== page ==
My wife and I have a collection of cook books. They cover everything from French Cuisine to campfire cooking to one dish crock pot recipes. I can sit down with a good cook book and find it as interesting to read as the latest detective novel.
One of my favorites is “The Cornmeal Gospels” by a well known food critic…for one good reason, I love cornbread!
Evidently, so do most Southerners and if you were a pioneer, it may have been on your plate at every meal!
As we have seen in this series of articles, corn was the basic crop of the pioneer and continued to be the main food crop for the southern farmer up to WWII.
On the Tennessee frontier, corn was the first thing the settler planted. It was crucial to his survival.
On sure, the pioneer could always go hunting and supply his family with venison, or bear meat…but, for the “bread” he used to soak up the juices of his bear steak, he used cornbread!
The pioneer would grind his dried kernels of corn into a coarse powder, or “meal.” This “cornmeal” was the basic ingredient for a multitude of baked, fried or boiled dishes.
Corn mush was the simplest meal the pioneer could make and it made a good breakfast. Boil water, add a pinch of salt, then stir in some corn meal. The result, after a little stirring, was “corn mush.” You could eat it straight from the kettle or add a little milk or butter or sugar (if you were fortunate enough to have any on hand).
If you make the corn mush thick enough, you can shape it into a small “pone” or cake and fry it in a skillet. This was the recipe used by slaves out in the field who would stop for lunch and build a small fire. With no skillet, they would place the corn pone onto the flat edge of their garden hoe and place the hoe over the fire.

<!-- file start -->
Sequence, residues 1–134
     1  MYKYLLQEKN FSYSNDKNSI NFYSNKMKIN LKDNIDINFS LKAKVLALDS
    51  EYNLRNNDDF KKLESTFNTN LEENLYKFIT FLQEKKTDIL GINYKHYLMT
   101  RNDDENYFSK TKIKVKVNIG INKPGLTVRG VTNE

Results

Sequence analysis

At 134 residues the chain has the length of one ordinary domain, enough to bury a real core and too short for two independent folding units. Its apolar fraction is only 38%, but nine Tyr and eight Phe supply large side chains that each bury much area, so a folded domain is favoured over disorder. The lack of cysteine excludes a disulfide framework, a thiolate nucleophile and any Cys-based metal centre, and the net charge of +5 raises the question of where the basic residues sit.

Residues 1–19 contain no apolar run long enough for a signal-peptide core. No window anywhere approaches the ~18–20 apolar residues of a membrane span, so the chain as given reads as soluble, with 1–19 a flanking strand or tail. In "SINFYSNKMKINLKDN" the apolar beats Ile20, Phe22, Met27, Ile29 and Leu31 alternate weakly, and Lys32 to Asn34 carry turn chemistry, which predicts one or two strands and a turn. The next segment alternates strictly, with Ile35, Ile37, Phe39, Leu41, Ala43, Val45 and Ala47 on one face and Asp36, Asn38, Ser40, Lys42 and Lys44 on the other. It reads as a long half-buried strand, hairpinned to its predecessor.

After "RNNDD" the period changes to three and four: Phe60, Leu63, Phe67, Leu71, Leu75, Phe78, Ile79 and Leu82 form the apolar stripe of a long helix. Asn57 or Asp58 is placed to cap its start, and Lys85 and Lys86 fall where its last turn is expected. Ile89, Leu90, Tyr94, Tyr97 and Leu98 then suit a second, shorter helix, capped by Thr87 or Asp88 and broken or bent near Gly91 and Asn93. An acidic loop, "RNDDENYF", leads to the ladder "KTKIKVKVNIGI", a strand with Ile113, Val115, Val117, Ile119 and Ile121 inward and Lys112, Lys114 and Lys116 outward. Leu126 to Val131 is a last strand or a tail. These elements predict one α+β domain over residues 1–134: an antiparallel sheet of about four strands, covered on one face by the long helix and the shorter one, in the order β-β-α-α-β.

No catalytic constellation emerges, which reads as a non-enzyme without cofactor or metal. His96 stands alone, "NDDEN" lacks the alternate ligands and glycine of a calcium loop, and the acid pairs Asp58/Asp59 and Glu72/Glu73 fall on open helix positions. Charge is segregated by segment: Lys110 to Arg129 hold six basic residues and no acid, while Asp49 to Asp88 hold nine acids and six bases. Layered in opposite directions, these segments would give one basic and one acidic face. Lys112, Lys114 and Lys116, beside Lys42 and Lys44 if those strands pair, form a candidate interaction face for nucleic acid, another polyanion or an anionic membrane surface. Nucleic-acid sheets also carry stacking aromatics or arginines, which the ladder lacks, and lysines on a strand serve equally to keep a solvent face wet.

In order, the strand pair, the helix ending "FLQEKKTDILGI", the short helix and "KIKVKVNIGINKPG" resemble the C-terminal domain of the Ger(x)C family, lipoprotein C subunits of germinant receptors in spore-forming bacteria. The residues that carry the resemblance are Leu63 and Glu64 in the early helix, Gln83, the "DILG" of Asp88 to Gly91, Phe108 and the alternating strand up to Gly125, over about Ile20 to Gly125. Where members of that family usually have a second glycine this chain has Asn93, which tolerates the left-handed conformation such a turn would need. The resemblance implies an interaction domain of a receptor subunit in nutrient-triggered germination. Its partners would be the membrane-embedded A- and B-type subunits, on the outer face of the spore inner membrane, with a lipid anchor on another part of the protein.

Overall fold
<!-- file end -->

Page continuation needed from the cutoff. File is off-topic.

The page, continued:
That is where “hoe cakes” came from.
Of course, adding eggs, or buttermilk, lard or a little flour to the mix and you are going “upscale” on us, but that gives us corn cakes, cornbread, corn light bread, hot water cornbread, corn fritters, corn muffins and corn dumplings.
I can find ten different recipes for cornbread in our cookbooks, but they are all basically the same: corn meal, a little milk, soda, salt, an egg and a little lard (shortening is too high class for real cornbread).
If you grind your corn meal coarser, you get “grits.” This is another standard southern food for breakfast. Again, the recipe is simple: coarse grind corn meal, hot water, a dash of salt and simmer until the consistency of oatmeal.
Grits with red-eye gravy are a true southern delicacy.
Corn doesn’t stop there.
Hominy is another food made from corn and involves boiling shelled corn in lye water, or ashes from the fireplace if you don’t have lye!
Corn could be eaten on the cob, fried in the skillet, creamed, cooked into “corn pudding,” or used to make corn chowder.
And, what respectable fisherman doesn’t add a little onion to his cornmeal and toss it into grease for “hushpuppies.”
The recent infusion of Hispanic cooking on the American scene has given us corn in even more tantalizing ways, but this is a history column and the pioneer never tasted tortillas!
You would think that the pioneer would be content with the many ways he could use the corn plant.
But, his favorite use for corn was also the one that caused him the most trouble: corn liquor!
Using the same corn kernels as our other recipes, the settler could make “corn mash” and boil and distill it to make a potent brew that would keep him warm at night, put a little hop into his step and liven up any party, meeting, revival or political rally!
We know it in slang as “moonshine,” but on the frontier the pioneer made more off of his corn liquor than he did from any other farm product!
And, that is a subject we’ll look at in a future series of articles!